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Vowel Length From Latin to Romance

By Michele Loporcaro

This book "draws on extensive empirical data, including from lesser known varieties" and "puts forward a new account of a well-known diachronic phenomenon."


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Letter Writing and Language Change

Edited By Anita Auer, Daniel Schreier, and Richard J. Watts

This book "challenges the assumption that there is only one 'legitimate' and homogenous form of English or of any other language" and "supports the view of different/alternative histories of the English language and will appeal to readers who are skeptical of 'standard' language ideology."


Academic Paper


Title: The use of videoconferencing to support multimodal interaction in an online language classroom
Author: Regina Hampel
Institution: The Open University
Author: Ursula Stickler
Institution: The Open University, Department of Linguistics
Linguistic Field: Applied Linguistics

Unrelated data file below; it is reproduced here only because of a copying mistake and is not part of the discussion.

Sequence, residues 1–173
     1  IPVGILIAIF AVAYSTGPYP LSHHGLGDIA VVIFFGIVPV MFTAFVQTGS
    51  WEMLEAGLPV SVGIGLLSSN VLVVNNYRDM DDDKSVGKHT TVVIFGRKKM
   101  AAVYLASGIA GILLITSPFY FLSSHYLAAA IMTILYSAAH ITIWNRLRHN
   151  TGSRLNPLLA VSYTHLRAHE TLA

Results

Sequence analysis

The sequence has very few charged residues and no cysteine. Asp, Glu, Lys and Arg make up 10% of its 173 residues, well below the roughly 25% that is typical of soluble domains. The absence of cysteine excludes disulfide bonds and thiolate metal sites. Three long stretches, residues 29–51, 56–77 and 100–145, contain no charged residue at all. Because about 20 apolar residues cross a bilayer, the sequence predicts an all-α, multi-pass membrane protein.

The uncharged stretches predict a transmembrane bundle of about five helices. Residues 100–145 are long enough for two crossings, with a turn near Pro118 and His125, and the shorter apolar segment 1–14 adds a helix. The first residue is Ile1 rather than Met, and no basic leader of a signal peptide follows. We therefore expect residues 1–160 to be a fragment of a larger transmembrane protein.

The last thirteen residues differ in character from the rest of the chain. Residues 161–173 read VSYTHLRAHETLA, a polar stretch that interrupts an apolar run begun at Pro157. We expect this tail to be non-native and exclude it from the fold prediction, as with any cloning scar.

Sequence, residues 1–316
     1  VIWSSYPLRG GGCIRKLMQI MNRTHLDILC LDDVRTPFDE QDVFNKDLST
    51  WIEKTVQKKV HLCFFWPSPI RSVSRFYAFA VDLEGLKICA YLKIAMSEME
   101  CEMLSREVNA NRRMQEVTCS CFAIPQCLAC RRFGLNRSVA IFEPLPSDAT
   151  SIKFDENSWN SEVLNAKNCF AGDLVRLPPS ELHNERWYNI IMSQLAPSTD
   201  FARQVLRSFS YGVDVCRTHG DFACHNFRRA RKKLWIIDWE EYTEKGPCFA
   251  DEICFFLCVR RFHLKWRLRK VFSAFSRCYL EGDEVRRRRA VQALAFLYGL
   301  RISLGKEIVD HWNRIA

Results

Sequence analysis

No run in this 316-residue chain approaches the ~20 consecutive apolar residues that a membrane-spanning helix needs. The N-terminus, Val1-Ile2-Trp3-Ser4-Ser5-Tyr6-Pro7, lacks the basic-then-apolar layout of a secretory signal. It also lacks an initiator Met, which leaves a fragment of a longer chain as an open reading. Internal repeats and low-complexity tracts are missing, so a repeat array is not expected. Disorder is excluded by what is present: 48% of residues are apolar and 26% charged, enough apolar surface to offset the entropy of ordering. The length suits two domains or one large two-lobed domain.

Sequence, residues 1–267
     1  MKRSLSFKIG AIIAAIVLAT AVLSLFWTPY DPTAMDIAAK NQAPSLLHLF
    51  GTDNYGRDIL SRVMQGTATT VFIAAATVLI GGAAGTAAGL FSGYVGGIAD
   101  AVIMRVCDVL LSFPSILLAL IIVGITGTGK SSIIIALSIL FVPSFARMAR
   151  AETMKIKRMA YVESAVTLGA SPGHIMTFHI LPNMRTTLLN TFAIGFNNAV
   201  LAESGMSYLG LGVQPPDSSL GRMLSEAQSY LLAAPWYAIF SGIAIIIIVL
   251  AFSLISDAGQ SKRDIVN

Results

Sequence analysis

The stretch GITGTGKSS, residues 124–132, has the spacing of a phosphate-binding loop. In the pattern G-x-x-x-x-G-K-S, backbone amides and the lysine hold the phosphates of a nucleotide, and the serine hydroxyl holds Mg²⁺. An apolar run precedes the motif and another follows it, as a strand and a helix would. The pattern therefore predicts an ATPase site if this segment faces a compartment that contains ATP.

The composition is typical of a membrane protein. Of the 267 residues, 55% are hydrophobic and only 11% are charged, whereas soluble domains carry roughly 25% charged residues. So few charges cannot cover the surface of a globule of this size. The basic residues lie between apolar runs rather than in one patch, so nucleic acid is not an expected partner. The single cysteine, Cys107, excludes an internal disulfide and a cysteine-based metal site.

Abstract: The introduction of virtual learning environments has made new tools available that have the potential to support learner communication and interaction, thus aiding second language acquisition both from a psycholinguistic and a sociocultural point of view. This article focuses on the use of videoconferencing in the context of a larger exploratory study to find out how interaction was influenced by the affordances of the environment. Taking a mainly qualitative approach, the authors analysed the written and spoken interaction in recorded videoconferencing sessions, alongside examining some quantitative data to reveal participation patterns. Exploring language learning interaction in a synchronous online medium allows us to show how this is a process mediated by interaction with experts and peers as well as by the artefacts used (e.g., technology) and how learners use and combine multiple modes to make meaning. Our findings illustrate how an online videoconferencing environment with its multiple modalities can be used in language teaching, how teachers and learners adapt to the multimodal online environment and how new patterns of communication emerge in the process.

CUP AT LINGUIST

This article appears IN ReCALL Vol. 24, Issue 2, which you can READ on Cambridge's site or on LINGUIST .



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